Barbeque Sauce Recipes

Smoked food lovers are of two camps…saucers and non-saucers.  These barbeque sauce recipes are for the saucers - flying saucers if the keg's been tapped!

Not all barbeque is served with sauce. Memphis style barbeque can be either wet or dry. The dry style is seasoned with a rub mix and typically eaten without sauce.  But for those that prefer sauce with their barbeque, the wet style, basted with sauce during and after cooking, is there to satisfy.

Try One of These BBQ Sauces

Sometimes You Just Gotta Slop On The Sauce!

If you'd like to sample something a little different than store-bought sauces, give one or two of these recipes a try. Your homemade sauce will definitely add flavor to the table.

And if you make enough, put some up in half-pint or pint sized canning jars. A bottle of your special sauce would be a greatly appreciated gift!

Texas style Barbecue Sauce in Glass Bowl on Bamboo Cutting Board


This East Texas style sauce can be used on any type of smoked meat, including ribs, brisket and sausages. This sauce is sweeter than those found in the Central Texas area.

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Tangy Yellow Mustard BBQ Sauce, Sitting Pretty on a Blue and White Background

Sauce Recipe

One of my favorite non-tomato based sauces, the tangy flavors of mustard and vinegar are balanced with a bit of sugar. Red cayenne pepper adds warmth.

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Kansas City Style BBQ Sauce, Ready For the Table

KC Style

Give me this one for my smoked spare ribs. I love this sweet, thick tomato based sauce on brisket, too. Sweetened with molasses, a variety of spices and herbs adds great flavor.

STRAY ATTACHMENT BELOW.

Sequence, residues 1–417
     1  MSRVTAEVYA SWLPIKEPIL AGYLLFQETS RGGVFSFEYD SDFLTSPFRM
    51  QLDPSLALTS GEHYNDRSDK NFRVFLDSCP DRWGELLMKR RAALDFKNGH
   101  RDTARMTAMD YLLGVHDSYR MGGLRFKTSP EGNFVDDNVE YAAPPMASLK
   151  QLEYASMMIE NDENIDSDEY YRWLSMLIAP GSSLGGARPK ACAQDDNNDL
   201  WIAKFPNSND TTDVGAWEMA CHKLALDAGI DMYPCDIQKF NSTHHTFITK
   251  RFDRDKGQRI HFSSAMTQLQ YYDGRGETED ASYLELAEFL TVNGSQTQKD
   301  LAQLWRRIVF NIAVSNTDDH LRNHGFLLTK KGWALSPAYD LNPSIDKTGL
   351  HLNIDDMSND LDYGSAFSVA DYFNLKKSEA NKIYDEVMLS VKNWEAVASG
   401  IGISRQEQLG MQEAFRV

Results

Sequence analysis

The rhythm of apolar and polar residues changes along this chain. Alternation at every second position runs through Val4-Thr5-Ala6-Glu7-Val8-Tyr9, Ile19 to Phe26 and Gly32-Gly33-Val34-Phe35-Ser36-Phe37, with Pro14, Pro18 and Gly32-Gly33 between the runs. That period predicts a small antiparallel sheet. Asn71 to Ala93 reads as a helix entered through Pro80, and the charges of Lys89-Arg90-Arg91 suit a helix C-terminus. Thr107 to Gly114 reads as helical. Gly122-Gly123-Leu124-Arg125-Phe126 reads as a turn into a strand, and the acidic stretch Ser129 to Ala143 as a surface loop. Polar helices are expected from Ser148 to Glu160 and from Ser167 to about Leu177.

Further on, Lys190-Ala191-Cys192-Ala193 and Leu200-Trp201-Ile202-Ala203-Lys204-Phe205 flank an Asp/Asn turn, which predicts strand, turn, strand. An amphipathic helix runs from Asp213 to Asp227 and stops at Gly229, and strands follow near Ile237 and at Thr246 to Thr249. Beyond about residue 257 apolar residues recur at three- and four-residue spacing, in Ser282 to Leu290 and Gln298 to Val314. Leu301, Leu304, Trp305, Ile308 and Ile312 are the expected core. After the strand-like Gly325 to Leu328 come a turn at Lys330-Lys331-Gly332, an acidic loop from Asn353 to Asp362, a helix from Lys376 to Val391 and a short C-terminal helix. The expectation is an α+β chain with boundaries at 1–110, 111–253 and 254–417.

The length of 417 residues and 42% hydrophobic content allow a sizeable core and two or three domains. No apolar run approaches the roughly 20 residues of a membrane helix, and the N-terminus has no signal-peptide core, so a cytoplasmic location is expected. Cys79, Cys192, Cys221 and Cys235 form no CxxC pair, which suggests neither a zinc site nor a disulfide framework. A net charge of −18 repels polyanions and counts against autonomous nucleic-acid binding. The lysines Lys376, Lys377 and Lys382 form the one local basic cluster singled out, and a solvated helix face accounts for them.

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More Barbeque Sauce Recipes

  • Gates BBQ Sauce Recipe
    Kansas City's favorite, Gates Bar-B-Q sauce, can be whipped up at home. This is a no-cook recipe, but I find that a bit of simmering makes it better.

  • Dr. Pepper BBQ Sauce
    Similar to Coca Cola bbq sauce, but with the interesting flavor of Dr. Pepper soda pop.

  • Jim Beam BBQ Sauce Recipe
    A kindly gentleman that loved both Beam and barbeque was generous enough to share this recipe with me. And now, I will share his special recipe with you.

  • Captain Morgan Barbecue Sauce
    This sweet and tangy red sauce includes just a touch of spiced Captain Morgan Private Stock rum, which adds great flavor. Don't worry about the all boils out as the sauce is cooked to thicken.

  • Moppin Sauce Recipes
    These thin consistency liquids add flavor to the smoking meat while helping preserve the moistness. Made with very little sugar, there's little chance of these scorching as the meat smokes.

  • Carolina Vinegar Based Sauce
    This very basic sauce gets back to the roots of bbq. Vinegar was the original flavoring way back when. This one has some sugar and spice added and is a favorite in the Carolinas.

  • Alabama White Sauce
    Unknown to most people, this sauce is mayonnaise based, with a touch of black pepper, vinegar and sugar. Smooth and sweet, with a touch of tang.

  • Barbecue Sauce Styles
    When traveling around the country you'll find that all  bbq sauces are not made the same. Local tastes and traditions gave rise to a wide variety of sauce styles.

If you brush sauce onto the meat as it's smoking, do so only during the last half-hour. Sweet bbq sauces can burn rather easily. And in this part of the world, letting sauce burn on the ribs is considered rib abuse!

Mopping sauce is not so much a barbecue sauce as it is a basting liquid. It's a lot thinner in consistency and has very little mop it on throughout the smoking session. Using brisket mopping sauce will keep your smoking brisket nice and moist, while adding flavor.

When I'm enjoying my barbeque, I like to have a little something on the side. A big pile of smoky baked beans goes along great with about any smoked food you can think of. And a few grilled vegetables alongside the main course completes the feast nicely!

They say that rules are made to be broken... so these recipes can be refined and adjusted. Any of these recipes can be a starting point for you to create your very own sauce recipe that pleases you like no other.

Make a batch by the book the first time, and as you experience the flavor take notes about the taste. Do you want it to be hotter? Sweeter? With a bit more tang? Use these notes to make adjustments to the next batch. Repeat the process, and soon you will have developed your very own signature barbeque sauce recipe.